In some cases, people’s perception of the need for mobile devices may be unrelated to their evaluation of the usefulness of mobile devices in other aspects of life. For example, the majority of Venezuelans said that their phone freed them and helped them save time, but only 29% said they could not live without their phone. In contrast, the majority of Jordanians said they could not live without their cell phones, but described the phones as a waste of time rather than a time saver.
Overall, smartphone users tend to be slightly more critical of their devices than basic phone users and features in their home countries. For example, smartphone users in all countries are more likely to say they waste time on the phone than landline or feature phone users. And in every country except Lebanon, smartphone users are more likely to say that their smartphones bind them down rather than free them.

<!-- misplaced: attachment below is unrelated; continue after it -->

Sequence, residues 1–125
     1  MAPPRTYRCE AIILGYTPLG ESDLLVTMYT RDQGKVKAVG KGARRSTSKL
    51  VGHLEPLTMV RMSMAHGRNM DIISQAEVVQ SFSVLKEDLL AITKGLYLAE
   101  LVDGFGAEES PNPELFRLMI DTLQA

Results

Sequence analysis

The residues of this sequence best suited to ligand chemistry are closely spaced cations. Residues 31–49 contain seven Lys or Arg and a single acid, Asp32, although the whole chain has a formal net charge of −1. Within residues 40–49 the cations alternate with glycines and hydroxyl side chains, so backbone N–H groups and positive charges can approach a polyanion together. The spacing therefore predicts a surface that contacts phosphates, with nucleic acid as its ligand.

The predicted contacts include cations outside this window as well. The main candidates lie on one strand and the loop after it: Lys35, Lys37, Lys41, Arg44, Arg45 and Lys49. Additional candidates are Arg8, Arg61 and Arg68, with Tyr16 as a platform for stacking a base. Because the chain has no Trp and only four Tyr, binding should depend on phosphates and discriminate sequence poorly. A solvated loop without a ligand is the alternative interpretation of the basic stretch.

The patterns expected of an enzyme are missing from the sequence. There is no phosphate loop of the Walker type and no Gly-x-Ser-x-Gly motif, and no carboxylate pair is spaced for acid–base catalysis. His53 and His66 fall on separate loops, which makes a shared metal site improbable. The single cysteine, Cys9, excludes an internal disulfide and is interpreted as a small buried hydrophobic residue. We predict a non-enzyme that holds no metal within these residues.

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There are also clear and consistent differences by age. In all countries surveyed, mobile phone users aged 50 and over are more likely to believe that their mobile phone helps them save time than those aged 18-29. The age gap is largest in Vietnam, Tunisia and Colombia, where older adults are at least 27 percentage points more likely than younger adults to consider mobile phones a time saver. And although it is true that young adults use smartphones and social media more frequently than older adults, even accounting for age differences in usage, this age difference is small in all countries except India.
When asked about the influence of mobile phones on their daily lives, users in the countries surveyed generally agreed that their mobile phones are mostly used to contact people living in distant places and obtain information on important issues. it helps. However, there is less consensus about the impact of mobile phones on people’s ability to earn a living, concentrate and get things done, and communicate directly.